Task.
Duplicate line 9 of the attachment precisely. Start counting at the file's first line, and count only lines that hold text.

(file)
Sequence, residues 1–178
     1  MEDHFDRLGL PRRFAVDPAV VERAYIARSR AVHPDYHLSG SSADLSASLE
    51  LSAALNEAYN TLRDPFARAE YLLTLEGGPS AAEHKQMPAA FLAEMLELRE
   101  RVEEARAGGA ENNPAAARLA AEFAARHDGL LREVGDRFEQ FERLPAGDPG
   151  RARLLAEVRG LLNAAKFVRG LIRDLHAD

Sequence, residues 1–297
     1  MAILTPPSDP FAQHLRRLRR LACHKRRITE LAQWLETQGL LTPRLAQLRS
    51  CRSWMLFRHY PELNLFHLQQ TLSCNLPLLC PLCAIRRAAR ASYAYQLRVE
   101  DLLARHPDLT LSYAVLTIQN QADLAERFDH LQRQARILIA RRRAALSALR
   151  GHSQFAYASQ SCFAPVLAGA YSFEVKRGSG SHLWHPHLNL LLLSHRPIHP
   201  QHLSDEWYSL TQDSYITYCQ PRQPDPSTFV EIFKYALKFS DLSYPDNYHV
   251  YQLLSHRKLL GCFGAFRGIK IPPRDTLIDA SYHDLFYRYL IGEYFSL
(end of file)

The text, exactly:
   101  DLLARHPDLT LSYAVLTIQN QADLAERFDH LQRQARILIA RRRAALSALR